Antawn Jamison of the Cleveland Cavaliers is one of the few players in the NBA who also was in the league for the 1998 NBA Lockout. He recently spoke to the media about the differences between the two lockouts.
He indicates that this time around the players are much more unified than in the previous lockout, and that they will be willing to sit out the entire season before giving in to the owner’s demands of salary rollbacks and a hard salary cap. Perhaps his best quote was,
I understand when they say they’re losing money and so forth. I get that. We said we’d give a certain amount of that money back. But some owners have to take the onus on themselves because they put themselves in a situation where they’re overpaying for certain guys.
Exactly, some owners do have to take the onus on themselves for overpaying certain guys. Antawn Jamison is a prime example. He is a good player, but not worth nearly the $15,076,715 he is going to make next season.
The NBA is getting out of hand with salaries. It is no wonder that 22 teams lost money last season and the total losses has exceeded $300 million the past three seasons. During last year’s free agency, the most popular phrase was “max deal.” Every team had cut the fat and reduced cap, to be able to throw it all away on 1-2 players with max deals.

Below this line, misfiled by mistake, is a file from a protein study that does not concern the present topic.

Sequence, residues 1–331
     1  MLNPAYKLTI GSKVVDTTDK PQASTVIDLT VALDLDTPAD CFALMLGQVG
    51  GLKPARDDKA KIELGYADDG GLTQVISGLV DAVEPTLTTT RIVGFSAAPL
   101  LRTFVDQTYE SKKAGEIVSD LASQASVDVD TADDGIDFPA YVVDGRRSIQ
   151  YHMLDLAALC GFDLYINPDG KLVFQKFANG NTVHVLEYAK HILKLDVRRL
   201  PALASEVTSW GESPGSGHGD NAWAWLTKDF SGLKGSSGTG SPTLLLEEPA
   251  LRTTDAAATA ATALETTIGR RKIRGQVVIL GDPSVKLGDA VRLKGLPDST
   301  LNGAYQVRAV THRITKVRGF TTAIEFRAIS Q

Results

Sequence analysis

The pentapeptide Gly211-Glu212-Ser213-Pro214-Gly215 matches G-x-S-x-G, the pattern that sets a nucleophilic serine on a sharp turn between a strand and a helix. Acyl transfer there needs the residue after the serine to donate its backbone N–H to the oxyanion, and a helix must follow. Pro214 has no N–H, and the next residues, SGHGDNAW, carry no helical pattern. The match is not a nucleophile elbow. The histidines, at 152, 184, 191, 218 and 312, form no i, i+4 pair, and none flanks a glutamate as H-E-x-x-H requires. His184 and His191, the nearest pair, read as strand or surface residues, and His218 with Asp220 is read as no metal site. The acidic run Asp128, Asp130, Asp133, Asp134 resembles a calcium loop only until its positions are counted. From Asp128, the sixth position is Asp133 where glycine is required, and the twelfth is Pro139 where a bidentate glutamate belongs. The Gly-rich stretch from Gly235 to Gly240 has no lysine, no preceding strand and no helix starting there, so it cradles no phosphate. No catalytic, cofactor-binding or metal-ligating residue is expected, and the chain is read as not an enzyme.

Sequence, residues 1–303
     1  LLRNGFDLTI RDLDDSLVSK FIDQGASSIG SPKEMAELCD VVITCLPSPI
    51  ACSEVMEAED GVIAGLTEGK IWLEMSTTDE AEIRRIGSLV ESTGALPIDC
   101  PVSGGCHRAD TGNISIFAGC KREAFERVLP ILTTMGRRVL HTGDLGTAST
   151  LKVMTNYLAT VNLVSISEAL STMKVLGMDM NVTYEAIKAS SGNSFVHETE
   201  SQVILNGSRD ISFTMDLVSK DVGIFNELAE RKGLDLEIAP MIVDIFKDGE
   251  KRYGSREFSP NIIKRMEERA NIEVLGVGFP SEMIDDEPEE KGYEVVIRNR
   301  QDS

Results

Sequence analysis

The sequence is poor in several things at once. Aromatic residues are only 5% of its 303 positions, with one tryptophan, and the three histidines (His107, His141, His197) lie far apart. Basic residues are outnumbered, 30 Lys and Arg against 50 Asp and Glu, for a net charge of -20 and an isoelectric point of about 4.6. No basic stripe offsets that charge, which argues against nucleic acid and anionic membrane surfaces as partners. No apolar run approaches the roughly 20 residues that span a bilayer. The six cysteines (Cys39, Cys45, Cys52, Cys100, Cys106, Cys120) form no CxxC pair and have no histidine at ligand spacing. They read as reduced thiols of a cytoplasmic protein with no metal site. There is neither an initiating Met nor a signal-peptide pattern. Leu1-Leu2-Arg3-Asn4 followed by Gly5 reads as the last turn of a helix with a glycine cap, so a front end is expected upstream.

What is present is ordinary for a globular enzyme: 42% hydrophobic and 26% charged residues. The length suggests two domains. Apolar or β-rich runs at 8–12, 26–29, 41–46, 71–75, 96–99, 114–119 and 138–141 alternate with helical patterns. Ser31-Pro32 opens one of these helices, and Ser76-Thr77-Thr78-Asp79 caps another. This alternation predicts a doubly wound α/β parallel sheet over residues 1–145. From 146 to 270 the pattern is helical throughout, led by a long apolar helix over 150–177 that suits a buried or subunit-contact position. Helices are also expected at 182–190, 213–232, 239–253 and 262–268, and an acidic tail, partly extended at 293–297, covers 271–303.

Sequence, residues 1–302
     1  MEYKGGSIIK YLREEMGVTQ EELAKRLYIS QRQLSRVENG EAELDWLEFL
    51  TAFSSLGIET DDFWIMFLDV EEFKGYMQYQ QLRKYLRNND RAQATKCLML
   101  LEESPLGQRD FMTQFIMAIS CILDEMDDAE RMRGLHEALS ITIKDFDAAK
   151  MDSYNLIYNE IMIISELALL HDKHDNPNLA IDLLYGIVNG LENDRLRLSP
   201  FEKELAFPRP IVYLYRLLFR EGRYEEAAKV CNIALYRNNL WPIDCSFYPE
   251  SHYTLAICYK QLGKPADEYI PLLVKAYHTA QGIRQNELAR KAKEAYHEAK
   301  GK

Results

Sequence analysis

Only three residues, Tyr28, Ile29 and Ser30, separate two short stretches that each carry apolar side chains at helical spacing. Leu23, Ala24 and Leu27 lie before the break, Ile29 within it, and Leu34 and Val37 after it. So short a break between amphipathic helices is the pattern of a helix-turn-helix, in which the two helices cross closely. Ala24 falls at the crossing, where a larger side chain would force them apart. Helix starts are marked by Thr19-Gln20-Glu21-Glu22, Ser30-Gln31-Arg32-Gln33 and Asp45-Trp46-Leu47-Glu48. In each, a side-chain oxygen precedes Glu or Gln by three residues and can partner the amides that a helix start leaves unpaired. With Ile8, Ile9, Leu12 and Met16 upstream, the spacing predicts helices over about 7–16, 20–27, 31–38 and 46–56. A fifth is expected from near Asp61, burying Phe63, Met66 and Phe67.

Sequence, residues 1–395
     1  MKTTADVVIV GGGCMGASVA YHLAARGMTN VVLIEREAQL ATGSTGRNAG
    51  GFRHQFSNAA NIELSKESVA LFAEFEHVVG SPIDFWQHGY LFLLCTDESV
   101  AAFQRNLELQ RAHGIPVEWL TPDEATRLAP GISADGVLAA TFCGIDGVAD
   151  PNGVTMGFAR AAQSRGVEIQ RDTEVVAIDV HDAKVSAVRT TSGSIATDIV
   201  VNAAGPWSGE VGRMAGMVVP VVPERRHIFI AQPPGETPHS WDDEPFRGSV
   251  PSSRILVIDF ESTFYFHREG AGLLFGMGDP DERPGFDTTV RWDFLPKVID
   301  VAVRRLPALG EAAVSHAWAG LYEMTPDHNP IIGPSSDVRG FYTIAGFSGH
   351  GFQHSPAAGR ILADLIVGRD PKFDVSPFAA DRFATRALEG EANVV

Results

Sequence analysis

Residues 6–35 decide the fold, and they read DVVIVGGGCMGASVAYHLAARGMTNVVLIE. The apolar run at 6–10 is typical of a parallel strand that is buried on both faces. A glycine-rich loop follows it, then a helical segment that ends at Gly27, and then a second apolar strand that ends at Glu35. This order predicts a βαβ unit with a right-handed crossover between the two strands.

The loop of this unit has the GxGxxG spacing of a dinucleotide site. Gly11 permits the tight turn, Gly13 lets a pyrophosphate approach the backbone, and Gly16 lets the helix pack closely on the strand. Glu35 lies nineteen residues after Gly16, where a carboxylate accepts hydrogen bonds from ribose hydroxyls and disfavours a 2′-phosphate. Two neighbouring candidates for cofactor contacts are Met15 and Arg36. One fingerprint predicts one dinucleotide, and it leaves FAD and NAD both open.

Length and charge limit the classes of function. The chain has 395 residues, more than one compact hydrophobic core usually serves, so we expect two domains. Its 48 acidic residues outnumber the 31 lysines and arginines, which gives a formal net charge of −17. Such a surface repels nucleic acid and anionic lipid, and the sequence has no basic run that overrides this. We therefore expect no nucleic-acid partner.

NBA athletes are great athletes, but they don’t need to be making $15 million per year. The true stars could make $5 million in the NBA and then go for the greed with endorsement deals. If a player can’t survive on $5 million, they need to go back to school and take some money management 101 classes.
The proposed hard cap is a great idea, but for so many teams it is not feasible because of recent max deals. For instance, the Lakers, Heat and Knicks will be spending $40 million plus on only TWO players each season for the next three years.
What do you think about NBA Salaries, or athlete salaries in general?
[Photo Credit: AP Photo/John Raoux via ClubLakers.com]